ECONOMY — DEFICIT FRAUDS BOEHNER AND PENCE CAN’T ANSWER HOW TAX CUTS FOR WEALTHY WILL BE PAID FOR: Yesterday on NBC’s Meet the Press, House Republican leaders John Boehner (R-OH) and Mike Pence (R-IN) had a tough time answering host David Gregory’s questions about how they would pay for extending the Bush tax cuts for the wealthy. Gregory asked Boehner to respond to former Fed Chairman Alan Greenspan, who said last week that extending the tax cuts without offsets would be “disastrous” and that they do not pay for themselves. “The only way we’re going to get our economy going again…is to get the economy moving,” was all Boehner could muster in response. When Gregory repeatedly pushed Boehner on whether the tax cuts were paid for, the Minority Leader could not answer directly, replying “I am not for raising taxes,” and “what you’re trying to do is get into this Washington game and their funny accounting over there.” Later in the program, when asked how touting spending discipline and extending the tax cuts that aren’t paid for is “a consistent and credible message,” Pence also struggled to answer, responding, “I understand the credibility problem” and “I don’t acknowledge that” the tax cut extension is not paid for because “it’s apples to oranges.” The reality is that extending the Bush tax cuts for the wealthy will cost $830 billion over the next 10 years. But many conservatives — who have made bringing down the deficit one of their signature issues — are deficit peacocks who are proving that they neither know nor care how they will pay for them.
The current death toll in Pakistan’s ongoing flooding is estimated at 1,600 people. As of Sunday, the impact is reported to have affected more than 15 million people. The U.N. said Monday that the number affected could exceed that of the 2004 Tsunami, 2005 Kashmir earthquake, and 2010 Haiti earthquake combined.
“A piece of ice four times the size of Manhattan has broken away from an ice shelf in Greenland,” American scientists are now reporting. The ice island, which is 100 square miles in size, broke off from the Petermann Glacier Thursday.
Although the Obama administration has deported “a record number of immigrants convicted of crimes,” it is sparing “students who came to the United States without papers when they were children.” Immigration and Customs Enforcement head John Morton said that with limited resources, the agency’s “time is better spent on someone who is here unlawfully and is committing crimes in the neighborhood.”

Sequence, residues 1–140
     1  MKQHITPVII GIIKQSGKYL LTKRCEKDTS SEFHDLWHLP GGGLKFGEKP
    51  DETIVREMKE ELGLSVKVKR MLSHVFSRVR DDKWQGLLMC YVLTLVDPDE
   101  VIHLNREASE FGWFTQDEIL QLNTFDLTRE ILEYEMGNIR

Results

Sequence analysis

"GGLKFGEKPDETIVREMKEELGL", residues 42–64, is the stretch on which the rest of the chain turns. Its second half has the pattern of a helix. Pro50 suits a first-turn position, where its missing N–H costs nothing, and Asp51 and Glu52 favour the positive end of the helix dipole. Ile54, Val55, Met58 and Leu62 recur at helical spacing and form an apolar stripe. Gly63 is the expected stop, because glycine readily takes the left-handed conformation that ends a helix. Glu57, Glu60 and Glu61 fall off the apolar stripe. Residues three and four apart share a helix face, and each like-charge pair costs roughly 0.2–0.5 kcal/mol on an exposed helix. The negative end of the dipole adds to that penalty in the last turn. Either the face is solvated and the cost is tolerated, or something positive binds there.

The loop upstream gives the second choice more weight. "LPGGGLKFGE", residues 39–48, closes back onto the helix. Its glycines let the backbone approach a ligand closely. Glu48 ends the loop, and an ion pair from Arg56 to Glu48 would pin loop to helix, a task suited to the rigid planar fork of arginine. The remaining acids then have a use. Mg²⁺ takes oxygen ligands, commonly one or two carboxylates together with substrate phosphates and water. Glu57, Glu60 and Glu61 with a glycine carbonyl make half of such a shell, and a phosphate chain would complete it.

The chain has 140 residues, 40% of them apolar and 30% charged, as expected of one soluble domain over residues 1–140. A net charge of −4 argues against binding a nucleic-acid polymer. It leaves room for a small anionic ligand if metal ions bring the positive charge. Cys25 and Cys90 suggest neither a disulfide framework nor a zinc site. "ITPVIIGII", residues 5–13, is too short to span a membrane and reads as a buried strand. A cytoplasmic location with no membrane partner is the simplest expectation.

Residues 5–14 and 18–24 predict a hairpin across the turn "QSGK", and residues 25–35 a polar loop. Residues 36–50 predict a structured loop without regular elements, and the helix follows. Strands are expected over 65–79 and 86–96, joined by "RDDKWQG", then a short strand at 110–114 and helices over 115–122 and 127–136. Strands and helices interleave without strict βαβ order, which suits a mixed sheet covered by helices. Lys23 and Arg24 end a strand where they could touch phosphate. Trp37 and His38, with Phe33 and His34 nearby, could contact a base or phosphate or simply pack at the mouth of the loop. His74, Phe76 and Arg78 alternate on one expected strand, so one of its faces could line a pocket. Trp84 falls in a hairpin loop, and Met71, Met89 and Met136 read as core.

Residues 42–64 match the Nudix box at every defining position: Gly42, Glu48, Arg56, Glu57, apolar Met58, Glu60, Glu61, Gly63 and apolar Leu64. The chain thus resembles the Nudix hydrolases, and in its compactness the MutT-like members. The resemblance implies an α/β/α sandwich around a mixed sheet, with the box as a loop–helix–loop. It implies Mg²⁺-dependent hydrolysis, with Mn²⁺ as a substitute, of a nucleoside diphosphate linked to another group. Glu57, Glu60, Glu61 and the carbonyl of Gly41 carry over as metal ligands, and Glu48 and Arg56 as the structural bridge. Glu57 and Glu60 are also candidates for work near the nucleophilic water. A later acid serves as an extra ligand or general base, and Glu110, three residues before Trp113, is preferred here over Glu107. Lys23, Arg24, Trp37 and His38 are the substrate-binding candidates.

Social Security “is facing a rare shortfall this year as more people opt to collect payments before their full retirement age.” The safety net is also facing strain from reduced tax collections due to high unemployment. “More people filed for Social Security in 2009 — 2.74 million — than in any year in history.”
White House energy adviser Carol Browner said on NBC’s “Meet the Press” yesterday that it “makes a lot of sense” that a large portion of any monetary penalties BP pays for its oil disaster are given to Gulf states affected by the spill. Many “Gulf-area politicians have suggested that 80 percent of the money be returned to the states affected by the worst oil spill in U.S. history.”
Letitia “Tish” Long becomes “the first woman to head a major intelligence agency” today when she takes over as director of the National Geospatial-Intelligence Agency (NGA), “the office responsible for collecting and analyzing overhead imagery and geospatial information.” Former CIA deputy director John McLaughlin said that having a woman heading a major intelligence agency “is a long overdue step.”
Tea party activists are “concerned” that their movement is running out of money, thanks to a “deep ambivalence within the movement’s grassroots over the very idea of fundraising,” and an “inability to win over the wealthy donors who fund the conservative establishment.” Many groups have “failed to live up” to their fundraising goals, while others are funded by their founders’ personal bank accounts.
Multiple bombings and shootings this weekend across Iraq left 69 people dead, intensifying fears of escalated violence as the August 31 deadline for U.S. troop drawdown approaches. Many Iraqis attribute the violence to “political gridlock that has failed to produce a new government” five months after the March national elections.
In a New York Times op-ed today, Paul Krugman noted that, due to state and local budget deficits, “basic government functions” like streetlights and paved roads “are no longer affordable.” Because “a large part of our political class” is prioritizing “tax cuts for the very affluent, at a budget cost of $700 billion over the next decade,” they are allowing the “nation’s foundations to crumble.”
And finally: Things got “awkward” when musician and Haitian presidential candidate Wyclef Jean got CNN host Wolf Blitzer to speak creole on live TV. There was a “call-and-response in creole between Jean and Blitzer,” followed by Wyclef saying, “Alright Wolf, you my man, we love you in Haiti.”
Rep. Paul Ryan’s (R-WI) plan to balance the budget doesn’t balance the budget.
Same-sex marriage and the role of the state.
How TARP and the stimulus reduced the deficit.
Climate change denier Lord Monckton likes to make things up.
The irony of Liz Cheney.
U.S. troops can’t read WikiLeaks.
The rift on the right.
“There is not conclusive evidence to suggest that children who grow up with two moms or two dads fare as well as children who grow up with a mom and a dad.”
— Family Research Council President Tony Perkins, 8/08/10
“Research indicates that optimal development for children is based not on the sexual orientation of the parents.”
— The American Psychiatric Association, 11/01/02